Review: Hornady Rapid Rack

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There are numerous situations where firearms are required to be visibly marked as “clear” with the use of a chamber flag. Whether you’re at the range, taking your firearm in for repairs, or flying guns with you during a trip, you’re going to need one of those flags at some point. Some people even use them at home so guns are easily identified as clear. In those cases where you want to mark a gun as clear but would also like the option of loading a round quickly, you used to be out of luck. Using a chamber safety flag meant removing the flag prior to chambering a round, and sometimes those flags are awkward to remove. Now there’s the Hornady Rapid Rack.

The Hornady Rapid Rack was officially launched at SHOT Show 2016 and is now for sale on various gun gear sites and in some gun stores. It was designed with two particular scenarios in mind: to allow gun owners to keep long guns ready to go at a moment’s notice but with a clearly marked empty chamber and to allow members of law enforcement to carry long guns in vehicles with visibly empty chambers, but to go hot, fast. Of course, there are other times the Rapid Rack comes in handy.

Hornady manufactures the Rapid Rack from aluminum, so this is a far more durable product than typical empty chamber indicators. It’s L-shaped with the handle coated in red plastic which allows for a better grip as well as greater visibility for its job as a chamber flag. The handle also has a slight bend at the end, giving the user more leverage than would be otherwise possible. The upper portion, which is meant to be inserted into the gun, is silver and somewhat cartridge-shaped. It’s quite lightweight.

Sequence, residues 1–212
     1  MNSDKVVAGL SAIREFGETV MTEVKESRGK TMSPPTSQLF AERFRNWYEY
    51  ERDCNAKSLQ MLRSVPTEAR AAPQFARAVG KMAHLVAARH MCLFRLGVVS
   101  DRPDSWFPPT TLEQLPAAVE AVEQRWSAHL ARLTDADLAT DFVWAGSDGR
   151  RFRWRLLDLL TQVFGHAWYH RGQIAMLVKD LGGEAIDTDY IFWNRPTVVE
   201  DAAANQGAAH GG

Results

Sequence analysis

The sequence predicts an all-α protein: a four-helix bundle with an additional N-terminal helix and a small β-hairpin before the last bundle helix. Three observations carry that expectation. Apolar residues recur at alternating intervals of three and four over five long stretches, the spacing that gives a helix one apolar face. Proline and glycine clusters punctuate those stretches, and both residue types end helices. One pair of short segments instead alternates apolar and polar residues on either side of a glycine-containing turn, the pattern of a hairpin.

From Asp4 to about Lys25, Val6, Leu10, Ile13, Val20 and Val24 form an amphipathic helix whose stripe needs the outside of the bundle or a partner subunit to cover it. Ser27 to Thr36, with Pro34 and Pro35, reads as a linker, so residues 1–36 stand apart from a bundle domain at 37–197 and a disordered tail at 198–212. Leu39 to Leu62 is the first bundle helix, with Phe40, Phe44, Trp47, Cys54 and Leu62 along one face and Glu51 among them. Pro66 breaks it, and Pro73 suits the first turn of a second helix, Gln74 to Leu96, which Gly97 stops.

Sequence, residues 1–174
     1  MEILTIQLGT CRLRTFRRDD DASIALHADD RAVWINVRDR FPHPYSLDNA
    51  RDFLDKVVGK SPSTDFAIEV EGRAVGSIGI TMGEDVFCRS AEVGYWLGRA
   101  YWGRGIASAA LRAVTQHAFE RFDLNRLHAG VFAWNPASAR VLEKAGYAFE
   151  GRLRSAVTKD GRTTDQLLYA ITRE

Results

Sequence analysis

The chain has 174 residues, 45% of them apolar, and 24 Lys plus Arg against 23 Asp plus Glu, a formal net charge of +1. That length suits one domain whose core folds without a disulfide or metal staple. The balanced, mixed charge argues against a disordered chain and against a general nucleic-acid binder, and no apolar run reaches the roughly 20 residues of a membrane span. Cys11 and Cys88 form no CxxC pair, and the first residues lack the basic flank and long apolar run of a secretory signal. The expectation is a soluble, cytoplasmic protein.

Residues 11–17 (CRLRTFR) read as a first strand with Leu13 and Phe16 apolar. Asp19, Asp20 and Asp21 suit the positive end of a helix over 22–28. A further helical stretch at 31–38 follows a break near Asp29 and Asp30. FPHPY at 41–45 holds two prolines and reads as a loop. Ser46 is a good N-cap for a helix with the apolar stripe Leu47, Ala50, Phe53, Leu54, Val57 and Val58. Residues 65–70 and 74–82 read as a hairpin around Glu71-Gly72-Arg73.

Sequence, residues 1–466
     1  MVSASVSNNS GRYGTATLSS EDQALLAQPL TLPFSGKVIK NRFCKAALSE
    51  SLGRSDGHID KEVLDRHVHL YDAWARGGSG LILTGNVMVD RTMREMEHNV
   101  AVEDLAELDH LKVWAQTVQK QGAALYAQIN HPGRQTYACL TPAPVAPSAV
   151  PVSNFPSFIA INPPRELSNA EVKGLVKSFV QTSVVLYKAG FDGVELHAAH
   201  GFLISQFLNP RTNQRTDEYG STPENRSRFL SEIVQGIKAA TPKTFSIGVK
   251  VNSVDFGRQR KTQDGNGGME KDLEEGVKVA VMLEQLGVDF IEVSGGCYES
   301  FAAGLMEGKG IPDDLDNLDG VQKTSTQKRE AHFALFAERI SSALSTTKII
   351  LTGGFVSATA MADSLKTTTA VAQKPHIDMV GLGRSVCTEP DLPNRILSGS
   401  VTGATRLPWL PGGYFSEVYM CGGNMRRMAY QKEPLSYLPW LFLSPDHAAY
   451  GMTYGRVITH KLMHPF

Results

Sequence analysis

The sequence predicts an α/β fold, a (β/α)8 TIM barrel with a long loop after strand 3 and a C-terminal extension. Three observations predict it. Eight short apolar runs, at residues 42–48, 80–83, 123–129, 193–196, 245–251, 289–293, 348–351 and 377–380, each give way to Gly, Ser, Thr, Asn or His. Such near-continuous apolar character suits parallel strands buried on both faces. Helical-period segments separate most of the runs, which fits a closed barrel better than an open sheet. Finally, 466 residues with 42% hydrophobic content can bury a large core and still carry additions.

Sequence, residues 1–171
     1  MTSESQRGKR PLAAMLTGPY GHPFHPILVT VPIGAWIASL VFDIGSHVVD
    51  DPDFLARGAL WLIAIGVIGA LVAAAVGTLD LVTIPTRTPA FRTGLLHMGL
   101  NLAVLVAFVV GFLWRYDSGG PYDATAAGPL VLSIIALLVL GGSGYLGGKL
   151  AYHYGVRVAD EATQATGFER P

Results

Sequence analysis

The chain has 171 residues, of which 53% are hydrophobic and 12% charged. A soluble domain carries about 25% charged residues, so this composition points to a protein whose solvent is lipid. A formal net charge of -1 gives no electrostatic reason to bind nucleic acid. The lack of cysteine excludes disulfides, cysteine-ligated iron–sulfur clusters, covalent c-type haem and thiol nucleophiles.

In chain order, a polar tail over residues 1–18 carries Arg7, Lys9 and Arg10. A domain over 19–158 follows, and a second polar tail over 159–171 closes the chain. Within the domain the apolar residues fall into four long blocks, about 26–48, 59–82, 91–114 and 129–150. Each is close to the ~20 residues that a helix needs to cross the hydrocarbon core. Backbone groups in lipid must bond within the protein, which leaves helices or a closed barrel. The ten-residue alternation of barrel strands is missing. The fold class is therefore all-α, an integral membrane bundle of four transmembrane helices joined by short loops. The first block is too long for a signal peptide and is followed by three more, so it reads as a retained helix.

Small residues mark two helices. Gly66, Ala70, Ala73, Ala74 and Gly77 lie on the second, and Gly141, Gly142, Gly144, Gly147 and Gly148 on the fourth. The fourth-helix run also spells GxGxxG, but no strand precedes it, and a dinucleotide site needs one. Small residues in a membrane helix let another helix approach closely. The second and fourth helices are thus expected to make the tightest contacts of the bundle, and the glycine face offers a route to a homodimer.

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Directions are included and are necessary given that this isn’t just another flag. There are actually two ways to place it in your rifle. You can either lock the bolt back, insert the device, and slowly release the bolt until it’s in place against the Rapid Rack, or you can pull the bolt back with one hand, insert the device immediately ahead of the bolt, and slowly release the bolt. What you do not want to do is allow the bolt to snap forward against it. You do, however, need to be sure the extractor engages. If it doesn’t, the process of charging the gun as the device is removed won’t work.

Once you’ve properly inserted the flag, place a loaded magazine in your gun. Now you’re ready to go; your rifle is clearly flagged as having an empty chamber, but your mag is loaded, so you can load the gun quickly.

To chamber a round, simply grab the red handle, pull it straight back in one quick movement, and let it fly. Literally, let it fly. The flag isn’t meant to be carefully pulled back and placed in your pocket, all the while keeping it in your tight grip. With this system you pull it back – a lot like a side charging handle, actually – and let it fall. When done properly, a round will be chambered and you’ll be ready to shoot.